Sheppard: Sabres and Smoke comes with 16 scenarios, but we have another 16 battles from the War of 1812 that we are including as a stretch goal in our Kickstarter Campaign. We will probably use these 16 scenarios to create an expansion pack for Sabres and Smoke: The War of 1812 as well later this summer. We plan to create a similar game focused on the Seven Years War in North America this year. Design on of that game will probably begin shortly after our Kickstarter campaign for Sabres and Smoke: The War of 1812. I really want to make a World War Two game, but that probably will not happen until at least the summer of next year.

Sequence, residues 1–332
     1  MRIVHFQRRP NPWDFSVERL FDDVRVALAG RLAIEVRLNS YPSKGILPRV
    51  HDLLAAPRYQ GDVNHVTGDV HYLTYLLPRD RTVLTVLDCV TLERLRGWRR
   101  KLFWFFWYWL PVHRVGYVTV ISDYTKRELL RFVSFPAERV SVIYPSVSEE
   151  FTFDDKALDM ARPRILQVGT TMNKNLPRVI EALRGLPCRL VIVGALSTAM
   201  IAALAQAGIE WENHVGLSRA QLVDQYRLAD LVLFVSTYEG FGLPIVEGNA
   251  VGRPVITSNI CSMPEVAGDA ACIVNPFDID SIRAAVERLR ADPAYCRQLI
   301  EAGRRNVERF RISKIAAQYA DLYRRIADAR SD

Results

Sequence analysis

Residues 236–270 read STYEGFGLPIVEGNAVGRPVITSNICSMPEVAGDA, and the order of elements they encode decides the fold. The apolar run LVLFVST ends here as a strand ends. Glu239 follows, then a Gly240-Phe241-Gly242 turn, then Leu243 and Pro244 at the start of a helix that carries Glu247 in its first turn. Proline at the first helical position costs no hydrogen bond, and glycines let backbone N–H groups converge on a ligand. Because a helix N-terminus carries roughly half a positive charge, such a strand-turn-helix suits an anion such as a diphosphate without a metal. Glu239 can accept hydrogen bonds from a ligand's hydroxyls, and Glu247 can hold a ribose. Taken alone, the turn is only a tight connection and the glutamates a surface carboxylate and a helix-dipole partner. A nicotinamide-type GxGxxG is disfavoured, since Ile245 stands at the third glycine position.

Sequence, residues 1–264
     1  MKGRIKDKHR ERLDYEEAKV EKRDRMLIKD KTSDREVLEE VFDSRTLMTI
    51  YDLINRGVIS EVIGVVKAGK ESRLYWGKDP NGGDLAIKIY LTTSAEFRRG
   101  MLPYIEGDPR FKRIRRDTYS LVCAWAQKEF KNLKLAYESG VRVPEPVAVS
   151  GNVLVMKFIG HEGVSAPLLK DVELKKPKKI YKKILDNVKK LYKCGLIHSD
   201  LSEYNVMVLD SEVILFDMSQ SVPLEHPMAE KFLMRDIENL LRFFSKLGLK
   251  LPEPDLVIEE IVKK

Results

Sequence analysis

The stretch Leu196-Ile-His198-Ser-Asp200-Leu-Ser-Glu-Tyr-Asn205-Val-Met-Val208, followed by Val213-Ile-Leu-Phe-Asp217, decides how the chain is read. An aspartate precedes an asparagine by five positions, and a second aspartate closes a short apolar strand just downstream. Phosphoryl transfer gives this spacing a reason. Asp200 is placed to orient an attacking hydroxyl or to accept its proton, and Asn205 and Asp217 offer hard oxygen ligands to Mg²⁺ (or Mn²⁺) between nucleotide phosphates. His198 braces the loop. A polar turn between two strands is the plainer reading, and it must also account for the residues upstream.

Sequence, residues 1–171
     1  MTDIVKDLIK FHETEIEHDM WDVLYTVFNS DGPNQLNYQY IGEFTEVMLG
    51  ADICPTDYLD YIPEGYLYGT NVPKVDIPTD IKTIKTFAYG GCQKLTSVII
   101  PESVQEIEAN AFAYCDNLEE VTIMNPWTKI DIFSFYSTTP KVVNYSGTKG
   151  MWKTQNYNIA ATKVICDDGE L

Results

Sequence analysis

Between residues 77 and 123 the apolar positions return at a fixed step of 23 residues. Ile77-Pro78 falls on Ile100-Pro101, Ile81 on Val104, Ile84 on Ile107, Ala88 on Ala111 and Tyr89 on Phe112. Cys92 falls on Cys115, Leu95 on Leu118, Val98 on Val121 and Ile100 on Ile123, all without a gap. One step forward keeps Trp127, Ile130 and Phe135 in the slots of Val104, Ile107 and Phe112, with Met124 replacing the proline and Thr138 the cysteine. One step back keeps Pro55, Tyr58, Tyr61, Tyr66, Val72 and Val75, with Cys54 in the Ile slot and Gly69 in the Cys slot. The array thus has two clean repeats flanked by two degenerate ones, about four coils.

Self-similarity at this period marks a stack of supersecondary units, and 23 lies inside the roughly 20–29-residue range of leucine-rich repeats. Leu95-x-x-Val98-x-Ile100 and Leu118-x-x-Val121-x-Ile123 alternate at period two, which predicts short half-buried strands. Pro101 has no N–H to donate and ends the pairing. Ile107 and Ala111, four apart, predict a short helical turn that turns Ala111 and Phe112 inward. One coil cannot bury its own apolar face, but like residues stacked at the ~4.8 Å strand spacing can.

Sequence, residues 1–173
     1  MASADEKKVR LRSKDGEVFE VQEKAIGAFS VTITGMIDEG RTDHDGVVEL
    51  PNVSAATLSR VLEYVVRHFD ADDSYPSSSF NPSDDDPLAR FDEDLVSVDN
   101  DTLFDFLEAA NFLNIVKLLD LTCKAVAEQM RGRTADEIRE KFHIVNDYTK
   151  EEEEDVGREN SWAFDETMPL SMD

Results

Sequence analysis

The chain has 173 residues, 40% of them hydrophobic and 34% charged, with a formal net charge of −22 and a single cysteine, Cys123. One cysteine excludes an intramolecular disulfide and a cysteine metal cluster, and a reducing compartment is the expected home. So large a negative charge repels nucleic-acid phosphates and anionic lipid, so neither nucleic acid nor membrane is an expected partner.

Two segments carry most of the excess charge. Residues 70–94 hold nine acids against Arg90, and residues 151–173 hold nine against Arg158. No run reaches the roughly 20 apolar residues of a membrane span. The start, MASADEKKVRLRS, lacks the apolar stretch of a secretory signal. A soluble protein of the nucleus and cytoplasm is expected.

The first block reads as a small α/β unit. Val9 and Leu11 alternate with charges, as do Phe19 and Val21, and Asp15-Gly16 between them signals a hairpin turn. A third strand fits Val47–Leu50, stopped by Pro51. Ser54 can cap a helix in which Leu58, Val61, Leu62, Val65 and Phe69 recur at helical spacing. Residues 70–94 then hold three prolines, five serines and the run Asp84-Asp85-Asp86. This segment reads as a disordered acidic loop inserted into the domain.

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— Military History Now (@MilHistNow) May 18, 2017